Danielle Tucker doesn’t look like a typical explorer or trailblazer. But by being the first wheelchair user to attend a study abroad program offered by Memorial University, this is exactly what she has become.
Ms. Tucker decided to go to Harlow in January 2007. At that point she hadn’t done much travelling, mainly back and forth from her home in Labrador to St. John’s. But like many English students, she was drawn to the idea of reading classic works of literature while lapping up the culture and landscape of Britain.
The possible difficulties she faced in travelling abroad weren’t an issue because, as Ms. Tucker said, “Overcoming challenges doesn’t really faze me. I knew I was going into something uncharted.”
She immediately contacted Drs. Michael and Annette Staveley who were in the process of organizing the fall 2007 Landscape and Literature Program at the Harlow Campus.
The former dean of Arts and Dr. Annette Staveley were about to learn a thing or two about travelling from a student embarking on her first trip to England.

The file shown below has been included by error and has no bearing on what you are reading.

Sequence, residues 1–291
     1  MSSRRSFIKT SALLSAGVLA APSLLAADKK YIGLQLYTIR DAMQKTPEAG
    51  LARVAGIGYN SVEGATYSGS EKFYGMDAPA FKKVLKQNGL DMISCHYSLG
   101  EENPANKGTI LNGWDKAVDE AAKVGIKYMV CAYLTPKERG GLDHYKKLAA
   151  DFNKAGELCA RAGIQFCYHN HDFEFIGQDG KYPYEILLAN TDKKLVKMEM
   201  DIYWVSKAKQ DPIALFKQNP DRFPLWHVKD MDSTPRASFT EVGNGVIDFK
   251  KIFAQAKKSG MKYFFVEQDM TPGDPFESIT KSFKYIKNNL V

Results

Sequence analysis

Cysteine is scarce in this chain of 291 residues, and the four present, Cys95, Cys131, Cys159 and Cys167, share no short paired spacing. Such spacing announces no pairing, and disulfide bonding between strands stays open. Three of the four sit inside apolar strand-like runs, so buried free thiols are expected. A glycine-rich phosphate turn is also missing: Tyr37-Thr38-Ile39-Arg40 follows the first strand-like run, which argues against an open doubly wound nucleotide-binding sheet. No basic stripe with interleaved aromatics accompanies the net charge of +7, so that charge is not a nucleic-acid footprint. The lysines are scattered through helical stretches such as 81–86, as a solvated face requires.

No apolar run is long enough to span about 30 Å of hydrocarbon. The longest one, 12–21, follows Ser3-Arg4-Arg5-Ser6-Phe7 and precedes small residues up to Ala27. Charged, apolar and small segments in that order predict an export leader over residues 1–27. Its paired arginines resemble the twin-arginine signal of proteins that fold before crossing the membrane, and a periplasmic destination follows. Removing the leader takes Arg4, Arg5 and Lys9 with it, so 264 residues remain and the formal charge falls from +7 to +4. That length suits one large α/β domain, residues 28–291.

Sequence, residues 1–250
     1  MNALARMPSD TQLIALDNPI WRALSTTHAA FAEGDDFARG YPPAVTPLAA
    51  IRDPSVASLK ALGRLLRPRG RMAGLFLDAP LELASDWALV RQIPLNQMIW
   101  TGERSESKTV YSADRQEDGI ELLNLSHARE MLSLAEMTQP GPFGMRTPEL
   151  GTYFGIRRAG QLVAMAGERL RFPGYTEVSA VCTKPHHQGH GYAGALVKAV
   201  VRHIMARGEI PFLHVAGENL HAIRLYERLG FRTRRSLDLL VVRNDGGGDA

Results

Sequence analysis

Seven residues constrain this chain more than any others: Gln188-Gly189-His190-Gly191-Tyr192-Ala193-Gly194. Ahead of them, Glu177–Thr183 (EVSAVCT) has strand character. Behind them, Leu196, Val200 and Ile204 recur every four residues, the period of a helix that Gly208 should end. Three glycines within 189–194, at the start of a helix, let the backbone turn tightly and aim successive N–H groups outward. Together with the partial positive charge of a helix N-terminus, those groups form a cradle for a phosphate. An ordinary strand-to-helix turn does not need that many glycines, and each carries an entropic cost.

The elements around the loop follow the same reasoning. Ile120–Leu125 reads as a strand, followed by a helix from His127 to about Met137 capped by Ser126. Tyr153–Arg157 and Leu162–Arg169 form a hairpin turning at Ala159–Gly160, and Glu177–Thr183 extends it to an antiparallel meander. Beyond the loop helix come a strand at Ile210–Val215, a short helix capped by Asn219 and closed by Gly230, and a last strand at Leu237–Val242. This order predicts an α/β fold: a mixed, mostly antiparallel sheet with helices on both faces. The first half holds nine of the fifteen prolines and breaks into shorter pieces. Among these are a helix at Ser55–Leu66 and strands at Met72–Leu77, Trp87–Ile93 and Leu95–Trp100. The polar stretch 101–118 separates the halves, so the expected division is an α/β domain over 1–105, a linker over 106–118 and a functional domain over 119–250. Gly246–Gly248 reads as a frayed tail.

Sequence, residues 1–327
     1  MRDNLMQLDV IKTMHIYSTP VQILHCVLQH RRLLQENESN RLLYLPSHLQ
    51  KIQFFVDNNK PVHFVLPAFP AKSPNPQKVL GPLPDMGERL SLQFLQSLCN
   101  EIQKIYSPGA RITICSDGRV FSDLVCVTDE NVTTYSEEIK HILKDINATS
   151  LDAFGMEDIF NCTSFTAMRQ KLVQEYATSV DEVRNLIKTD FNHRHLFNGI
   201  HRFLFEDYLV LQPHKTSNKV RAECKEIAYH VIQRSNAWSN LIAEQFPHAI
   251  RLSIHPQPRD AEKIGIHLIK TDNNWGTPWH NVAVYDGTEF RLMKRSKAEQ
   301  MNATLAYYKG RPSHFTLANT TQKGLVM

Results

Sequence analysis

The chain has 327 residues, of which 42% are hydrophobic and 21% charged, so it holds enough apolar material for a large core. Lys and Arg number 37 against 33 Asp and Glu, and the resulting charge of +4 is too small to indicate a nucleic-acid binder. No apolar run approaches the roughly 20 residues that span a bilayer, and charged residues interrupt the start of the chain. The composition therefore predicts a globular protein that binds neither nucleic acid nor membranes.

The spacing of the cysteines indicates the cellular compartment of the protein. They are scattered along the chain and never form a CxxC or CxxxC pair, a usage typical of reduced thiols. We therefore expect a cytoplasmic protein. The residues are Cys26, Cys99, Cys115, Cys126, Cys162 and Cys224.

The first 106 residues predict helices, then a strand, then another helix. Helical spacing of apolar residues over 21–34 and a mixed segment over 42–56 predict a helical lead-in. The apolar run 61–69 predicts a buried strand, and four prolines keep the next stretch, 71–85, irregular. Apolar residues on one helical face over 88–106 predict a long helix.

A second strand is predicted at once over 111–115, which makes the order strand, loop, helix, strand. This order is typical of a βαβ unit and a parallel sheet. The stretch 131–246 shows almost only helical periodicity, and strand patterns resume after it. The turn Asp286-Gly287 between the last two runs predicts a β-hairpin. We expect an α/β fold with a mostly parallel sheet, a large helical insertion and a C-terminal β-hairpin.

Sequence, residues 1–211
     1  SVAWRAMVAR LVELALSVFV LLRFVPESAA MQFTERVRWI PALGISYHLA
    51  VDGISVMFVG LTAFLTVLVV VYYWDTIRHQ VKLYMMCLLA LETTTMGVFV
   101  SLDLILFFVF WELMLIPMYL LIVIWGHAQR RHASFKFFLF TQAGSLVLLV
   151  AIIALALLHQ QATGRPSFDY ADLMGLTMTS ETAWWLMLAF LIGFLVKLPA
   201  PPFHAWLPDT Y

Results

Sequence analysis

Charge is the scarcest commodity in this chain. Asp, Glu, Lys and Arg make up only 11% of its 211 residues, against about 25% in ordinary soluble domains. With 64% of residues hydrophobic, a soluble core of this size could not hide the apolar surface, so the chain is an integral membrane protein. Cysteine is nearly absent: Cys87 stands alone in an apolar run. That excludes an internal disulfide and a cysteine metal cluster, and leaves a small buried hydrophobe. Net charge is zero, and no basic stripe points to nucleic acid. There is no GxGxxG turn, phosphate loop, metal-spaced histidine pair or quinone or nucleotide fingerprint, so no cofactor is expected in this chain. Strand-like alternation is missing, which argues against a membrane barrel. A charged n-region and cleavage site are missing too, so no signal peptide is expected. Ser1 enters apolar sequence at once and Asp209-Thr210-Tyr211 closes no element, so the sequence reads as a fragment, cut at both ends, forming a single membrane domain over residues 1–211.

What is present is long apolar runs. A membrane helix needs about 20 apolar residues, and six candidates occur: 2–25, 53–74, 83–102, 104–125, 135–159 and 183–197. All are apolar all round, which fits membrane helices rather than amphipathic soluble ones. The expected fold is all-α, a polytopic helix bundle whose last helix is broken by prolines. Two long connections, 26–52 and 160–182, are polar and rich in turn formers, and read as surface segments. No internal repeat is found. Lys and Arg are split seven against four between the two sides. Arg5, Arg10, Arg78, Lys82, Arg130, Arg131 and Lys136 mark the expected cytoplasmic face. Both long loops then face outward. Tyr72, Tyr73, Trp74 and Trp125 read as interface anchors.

Ruth North has been coordinator of the Blundon Centre on the St. John’s campus for 16 years, working to foster the centre’s goal of co-ordinating on-campus services for students with disabilities. And in January 2007, the Blundon Centre’s feedback into the consultation process on Memorial’s new strategic plan included a recommendation to retrofit the Harlow campus to enhance accessibility for persons with disabilities.
When Dr. Michael Staveley approached her seeking advice on how to accommodate Ms. Tucker’s intention to attend his Landscape and Literature program, Ms. North knew that the time had come for an immediate short term solution regarding renovations at Harlow.
Ms. North’s stack of well worn files testifies to the level of planning that went into this pilot project.
Ms. Tucker was asked to identify and anticipate her needs and was included in all ensuing discussions. As Ms. North explained, services that Ms. Tucker might have potentially needed wouldn’t be required for every student and vice versa. “It very much depends on the individual,” she cautioned.
Other key members of the successful team led by Ms. Tucker and Drs. Michael and Annette Staveley were Dr. Michael Collins, who “was a great help in respect to the renovations at Harlow,” Professor Peter Ayres, Dr. Lilly Walker, Dr. David Wright, a former chairman of the board of trustees at Harlow, and Sandra Wright, the general manager of the Harlow campus, and her team who handled much of the advance planning and preparation.
Upon arriving at Harlow, the opportunity to socialize with her fellow students within the smaller, more intimate framework of the U.K. campus was a revelation to Ms. Tucker.
“I finally had a chance to experience the everyday ‘drama’ of student life. In the past I had always been focused on school this was a great opportunity for me to socialize and be more focused on my peers,” said Ms. Tucker.